I had tangled up the sorrow I was experiencing over my son’s life and health with the goodness of God. Before I could step back into the Light, I had to settle this matter of the goodness of God.


Slowly, gently, I began to see that God is always good, even when life is bad and terribly unfair. I needed to be swallowed up in the darkness and in the silence to truly grasp the beauty of the Light. This Light never goes out, even in the darkest of nights and the most ferocious of storms. We just need to keep looking into the Light.


A Light has shined in the darkness and the darkness has not overcome it. ~ Saint John

Ashes and Chocolate


Chocolate and ash. Valentine’s Day and Ash Wednesday. An odd pairing, isn’t it? Inconvenient, actually. How do I celebrate Love’s Big Day with all the expected pomp of a fancy dinner, fine wine, exquisite desserts, and of course, chocolate, when Valentine’s Day happens to fall this day on the Church’s Big Day of penitence and abstention, Ash Wednesday?


Could there be a way of celebrating both days at once, and in so doing enrich the meaning of each celebration? Perhaps the question I should ask myself this Ash Wednesday is not so much, “What should I give up?” as “Who can I love in your name, Lord?”


I have explored these thoughts in a new piece I wrote for ESA, an organization that thrives in partnership with Eastern University, not as a typical “think” tank, but as a “do” tank whose purpose is to mobilize movements for constructive social change. I hope you’ll give it a read right here, and consider joining me on a 40-day dare to put love into action!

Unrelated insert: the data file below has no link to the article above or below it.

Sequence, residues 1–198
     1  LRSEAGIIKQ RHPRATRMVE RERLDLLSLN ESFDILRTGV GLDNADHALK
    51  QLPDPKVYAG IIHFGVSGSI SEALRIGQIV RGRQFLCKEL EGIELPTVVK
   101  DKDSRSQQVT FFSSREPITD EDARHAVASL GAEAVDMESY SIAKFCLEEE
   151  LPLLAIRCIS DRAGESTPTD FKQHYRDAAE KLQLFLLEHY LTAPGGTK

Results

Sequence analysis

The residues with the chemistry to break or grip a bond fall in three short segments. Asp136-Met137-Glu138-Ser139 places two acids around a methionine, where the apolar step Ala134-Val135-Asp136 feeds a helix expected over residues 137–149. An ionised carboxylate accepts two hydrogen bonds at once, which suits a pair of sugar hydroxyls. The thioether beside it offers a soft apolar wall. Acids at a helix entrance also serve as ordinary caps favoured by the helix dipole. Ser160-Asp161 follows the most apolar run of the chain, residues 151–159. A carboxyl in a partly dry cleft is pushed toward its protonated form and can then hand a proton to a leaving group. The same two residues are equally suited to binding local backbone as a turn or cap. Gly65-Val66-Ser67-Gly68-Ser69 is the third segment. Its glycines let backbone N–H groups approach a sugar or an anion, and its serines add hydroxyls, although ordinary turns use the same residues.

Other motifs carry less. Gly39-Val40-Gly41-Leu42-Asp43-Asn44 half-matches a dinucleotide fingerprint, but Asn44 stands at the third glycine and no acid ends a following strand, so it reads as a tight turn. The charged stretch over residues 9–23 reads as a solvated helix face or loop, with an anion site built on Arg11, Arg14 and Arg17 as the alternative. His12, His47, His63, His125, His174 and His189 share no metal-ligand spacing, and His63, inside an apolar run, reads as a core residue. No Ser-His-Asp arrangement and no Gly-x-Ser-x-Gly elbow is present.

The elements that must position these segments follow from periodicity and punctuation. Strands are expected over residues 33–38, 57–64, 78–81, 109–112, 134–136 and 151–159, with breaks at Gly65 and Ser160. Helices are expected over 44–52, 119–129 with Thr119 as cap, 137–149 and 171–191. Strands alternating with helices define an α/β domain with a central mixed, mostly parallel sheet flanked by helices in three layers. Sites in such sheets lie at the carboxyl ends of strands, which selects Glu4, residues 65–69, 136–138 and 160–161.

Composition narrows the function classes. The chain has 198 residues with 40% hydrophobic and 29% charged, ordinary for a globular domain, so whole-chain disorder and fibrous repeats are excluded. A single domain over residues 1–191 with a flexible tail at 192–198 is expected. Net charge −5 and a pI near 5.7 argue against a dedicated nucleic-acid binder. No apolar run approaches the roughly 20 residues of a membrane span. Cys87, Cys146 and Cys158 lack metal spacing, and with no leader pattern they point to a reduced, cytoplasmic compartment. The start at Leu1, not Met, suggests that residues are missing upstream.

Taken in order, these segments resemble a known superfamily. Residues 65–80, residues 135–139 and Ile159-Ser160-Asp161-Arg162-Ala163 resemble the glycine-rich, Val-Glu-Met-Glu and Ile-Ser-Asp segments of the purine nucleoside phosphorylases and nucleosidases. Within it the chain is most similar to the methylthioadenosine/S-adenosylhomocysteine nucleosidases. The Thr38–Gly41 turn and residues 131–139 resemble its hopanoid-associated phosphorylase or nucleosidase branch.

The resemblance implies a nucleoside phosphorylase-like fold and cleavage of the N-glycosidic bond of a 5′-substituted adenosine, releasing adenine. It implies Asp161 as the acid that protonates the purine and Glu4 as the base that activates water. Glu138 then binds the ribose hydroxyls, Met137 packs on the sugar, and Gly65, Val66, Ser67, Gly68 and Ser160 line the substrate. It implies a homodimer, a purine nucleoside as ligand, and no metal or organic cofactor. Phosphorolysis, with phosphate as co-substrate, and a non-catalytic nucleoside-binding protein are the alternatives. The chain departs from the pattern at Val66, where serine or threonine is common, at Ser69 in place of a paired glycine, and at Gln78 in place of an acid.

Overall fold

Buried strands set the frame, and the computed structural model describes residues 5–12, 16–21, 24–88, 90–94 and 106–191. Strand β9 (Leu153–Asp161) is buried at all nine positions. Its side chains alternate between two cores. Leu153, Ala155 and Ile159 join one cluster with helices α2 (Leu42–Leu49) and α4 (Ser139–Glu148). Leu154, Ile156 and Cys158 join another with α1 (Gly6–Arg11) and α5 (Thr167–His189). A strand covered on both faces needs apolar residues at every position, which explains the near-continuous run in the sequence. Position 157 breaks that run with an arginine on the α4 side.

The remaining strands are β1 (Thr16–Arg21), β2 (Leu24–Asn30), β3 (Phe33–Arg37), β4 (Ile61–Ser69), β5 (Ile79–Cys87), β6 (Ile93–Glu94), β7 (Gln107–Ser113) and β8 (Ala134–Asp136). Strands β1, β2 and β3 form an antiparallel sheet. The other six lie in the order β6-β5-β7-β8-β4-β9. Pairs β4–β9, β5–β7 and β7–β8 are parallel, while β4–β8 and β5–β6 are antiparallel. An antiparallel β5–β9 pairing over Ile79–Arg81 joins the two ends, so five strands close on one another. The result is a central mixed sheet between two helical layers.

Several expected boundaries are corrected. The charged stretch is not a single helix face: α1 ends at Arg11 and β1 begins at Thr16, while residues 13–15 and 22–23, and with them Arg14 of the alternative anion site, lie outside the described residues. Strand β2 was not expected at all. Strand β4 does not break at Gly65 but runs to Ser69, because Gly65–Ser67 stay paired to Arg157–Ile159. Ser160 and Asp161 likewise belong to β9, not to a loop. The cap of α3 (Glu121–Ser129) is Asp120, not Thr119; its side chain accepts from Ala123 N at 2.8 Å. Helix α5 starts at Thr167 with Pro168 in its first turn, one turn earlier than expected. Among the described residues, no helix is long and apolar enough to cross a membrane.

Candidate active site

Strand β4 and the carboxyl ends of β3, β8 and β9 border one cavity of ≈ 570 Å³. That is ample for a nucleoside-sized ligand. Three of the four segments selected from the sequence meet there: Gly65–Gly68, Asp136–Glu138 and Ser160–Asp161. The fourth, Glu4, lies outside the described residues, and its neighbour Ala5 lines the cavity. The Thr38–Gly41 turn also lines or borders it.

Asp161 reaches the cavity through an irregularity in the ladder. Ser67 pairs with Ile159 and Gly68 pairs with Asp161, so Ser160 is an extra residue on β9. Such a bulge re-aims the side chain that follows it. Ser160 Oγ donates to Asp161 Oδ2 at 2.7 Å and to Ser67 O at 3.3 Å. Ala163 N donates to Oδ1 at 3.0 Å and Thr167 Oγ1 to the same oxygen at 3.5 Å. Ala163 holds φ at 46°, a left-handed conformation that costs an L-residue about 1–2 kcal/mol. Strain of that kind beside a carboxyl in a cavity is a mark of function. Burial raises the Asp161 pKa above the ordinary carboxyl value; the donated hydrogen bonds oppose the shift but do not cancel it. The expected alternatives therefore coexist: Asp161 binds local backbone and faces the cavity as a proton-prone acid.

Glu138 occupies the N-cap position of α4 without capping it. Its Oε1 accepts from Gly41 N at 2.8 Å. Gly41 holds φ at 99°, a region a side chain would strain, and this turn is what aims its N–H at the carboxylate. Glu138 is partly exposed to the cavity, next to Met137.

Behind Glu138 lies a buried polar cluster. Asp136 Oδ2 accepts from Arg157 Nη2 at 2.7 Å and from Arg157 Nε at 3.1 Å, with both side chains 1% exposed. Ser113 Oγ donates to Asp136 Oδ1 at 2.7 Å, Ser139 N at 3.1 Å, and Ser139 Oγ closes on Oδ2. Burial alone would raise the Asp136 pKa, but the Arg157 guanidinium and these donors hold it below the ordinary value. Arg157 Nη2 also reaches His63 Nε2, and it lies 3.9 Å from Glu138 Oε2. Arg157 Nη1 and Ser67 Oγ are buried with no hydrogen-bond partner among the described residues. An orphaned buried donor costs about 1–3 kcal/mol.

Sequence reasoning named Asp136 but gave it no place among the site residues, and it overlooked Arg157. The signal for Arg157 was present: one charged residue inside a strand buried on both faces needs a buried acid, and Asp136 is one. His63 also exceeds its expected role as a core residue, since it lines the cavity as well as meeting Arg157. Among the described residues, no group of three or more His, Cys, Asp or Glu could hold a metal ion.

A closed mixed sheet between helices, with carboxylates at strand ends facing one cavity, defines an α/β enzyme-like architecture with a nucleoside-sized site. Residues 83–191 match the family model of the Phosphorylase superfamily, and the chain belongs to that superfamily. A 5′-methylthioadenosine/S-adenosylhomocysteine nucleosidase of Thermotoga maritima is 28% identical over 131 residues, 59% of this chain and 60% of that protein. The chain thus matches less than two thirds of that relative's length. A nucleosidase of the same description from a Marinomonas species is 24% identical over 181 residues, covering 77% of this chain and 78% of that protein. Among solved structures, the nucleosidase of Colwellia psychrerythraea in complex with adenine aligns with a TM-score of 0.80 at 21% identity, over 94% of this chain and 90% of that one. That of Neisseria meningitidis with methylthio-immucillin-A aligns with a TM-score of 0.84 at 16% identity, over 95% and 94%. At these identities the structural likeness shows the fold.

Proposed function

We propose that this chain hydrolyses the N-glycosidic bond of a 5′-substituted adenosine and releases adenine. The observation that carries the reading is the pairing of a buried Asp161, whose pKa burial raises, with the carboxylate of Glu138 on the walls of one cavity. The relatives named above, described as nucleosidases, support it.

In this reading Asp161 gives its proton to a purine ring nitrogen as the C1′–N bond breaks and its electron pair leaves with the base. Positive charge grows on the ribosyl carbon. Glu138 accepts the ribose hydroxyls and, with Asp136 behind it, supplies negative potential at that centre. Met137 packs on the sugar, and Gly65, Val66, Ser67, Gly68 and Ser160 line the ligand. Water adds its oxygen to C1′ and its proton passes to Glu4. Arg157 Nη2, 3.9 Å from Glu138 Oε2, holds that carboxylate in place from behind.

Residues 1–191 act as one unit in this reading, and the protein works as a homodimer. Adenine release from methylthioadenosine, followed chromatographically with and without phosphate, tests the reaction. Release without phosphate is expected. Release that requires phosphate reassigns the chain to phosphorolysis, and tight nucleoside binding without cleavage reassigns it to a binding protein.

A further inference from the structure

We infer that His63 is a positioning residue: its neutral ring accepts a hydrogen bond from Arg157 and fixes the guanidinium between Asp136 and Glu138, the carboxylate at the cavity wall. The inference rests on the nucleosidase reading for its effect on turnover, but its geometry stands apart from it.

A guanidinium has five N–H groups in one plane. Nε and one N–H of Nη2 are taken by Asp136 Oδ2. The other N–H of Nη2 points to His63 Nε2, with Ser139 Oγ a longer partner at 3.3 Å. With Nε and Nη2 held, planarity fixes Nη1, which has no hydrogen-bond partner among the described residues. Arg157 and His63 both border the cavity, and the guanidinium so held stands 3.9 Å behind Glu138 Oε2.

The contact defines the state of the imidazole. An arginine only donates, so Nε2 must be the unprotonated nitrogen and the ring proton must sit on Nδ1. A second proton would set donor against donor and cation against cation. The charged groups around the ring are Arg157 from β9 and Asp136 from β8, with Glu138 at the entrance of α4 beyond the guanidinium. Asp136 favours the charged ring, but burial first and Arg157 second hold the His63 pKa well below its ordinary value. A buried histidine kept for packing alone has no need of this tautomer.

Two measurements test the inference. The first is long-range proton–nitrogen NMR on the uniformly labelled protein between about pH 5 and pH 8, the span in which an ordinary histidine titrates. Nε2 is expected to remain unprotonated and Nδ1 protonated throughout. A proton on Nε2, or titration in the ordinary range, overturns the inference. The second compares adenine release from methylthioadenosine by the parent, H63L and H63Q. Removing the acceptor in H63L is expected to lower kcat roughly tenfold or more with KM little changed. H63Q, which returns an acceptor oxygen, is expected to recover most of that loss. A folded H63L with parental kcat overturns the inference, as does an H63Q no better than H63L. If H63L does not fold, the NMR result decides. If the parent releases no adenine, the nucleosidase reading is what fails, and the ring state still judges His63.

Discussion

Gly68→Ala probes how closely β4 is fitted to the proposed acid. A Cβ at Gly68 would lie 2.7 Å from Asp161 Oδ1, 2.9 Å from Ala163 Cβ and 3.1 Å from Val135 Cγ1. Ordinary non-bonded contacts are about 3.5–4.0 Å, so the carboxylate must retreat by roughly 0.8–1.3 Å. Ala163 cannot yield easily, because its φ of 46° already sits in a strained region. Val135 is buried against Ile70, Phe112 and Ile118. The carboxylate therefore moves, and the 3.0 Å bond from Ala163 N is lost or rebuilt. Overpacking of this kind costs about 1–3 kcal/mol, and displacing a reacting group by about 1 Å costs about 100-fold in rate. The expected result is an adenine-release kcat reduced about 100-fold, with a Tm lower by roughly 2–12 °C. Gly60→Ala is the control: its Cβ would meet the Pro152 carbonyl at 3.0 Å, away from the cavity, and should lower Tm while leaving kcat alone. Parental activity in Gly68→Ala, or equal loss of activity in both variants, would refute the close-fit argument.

Keep Alert for Changing Conditions


I became an empty nester in the middle of a January snowstorm.


The snow began falling thick shortly after midnight. Plenty of time to turn black asphalt into a sloppy white slippery mess by 9:00am. Despite the thermometer reading 16 degrees and the sky reading more snow to come, my calendar read drive my daughter back to college.


And so, today was the day.


Regardless of the road conditions.


Or the condition of my heart.


I had expected my empty nest to come last fall. My emptying was delayed by 5 months due to my son’s unexpected health challenge. But with his return to college last week, today, the emptying has come.


Just as it should.


Driving straight into a snowstorm is not my idea of a good time. Don’t get me wrong – I love a good snowstorm. It is my favorite excuse to hunker down and get cozy. When my children were small I would take full advantage of their snow days and not move from the house until they returned to school.


But drive in the white stuff? Don’t even think about asking me to do that! I have spun 360s on too many patches of ice driving my children to and fro to ever again relish the idea of driving in the ice and snow.


And so I clutched the wheel tightly, my white knuckles matching the sea of white all around me.


Emergency road signs blinked their warnings: Slow down, hazardous conditions ahead.


How fitting. Here, on the cusp of living life without my children around me for the first time in 24 years of motherhood, I too had better slow down. Slow down and reflect on the joy of having taken them this far. Slow down and be thankful for all that they are becoming. Slow down and recognize that there will indeed be hazardous conditions if I don’t release my children to God, in trust, knowing that he loves them more than I ever could.


And perhaps most of all, on this day of letting go, I must slow down and recognize that God will also care for my mama heart – the mama heart that longs to nestle my children in my arms just a little longer and protect them all the days of their lives. God has my heart too as I release my children to their adult lives and to his care.




I heard it before my eyes understood what was happening. The sound was like a truck horn, but longer, deeper, strangely distressed in tone. The sound of a semi-trailer truck blaring its horn, the noise reverberating through the nearly 1-mile long tunnel. Was he trying to communicate with me? Was he getting closer and closer to me? Yes, the horn was his way of saying, I can’t slow down. I can’t change course. Get out of my way or you’ll get hurt.


How often have I been like this with my children as they grew into young adults? Unable to slow down and walk by their side, without feeling compelled to tell them which steps to take. Unable to change course and offer them support in the decisions they have made rather than offering them criticism for not making the decisions I would have made.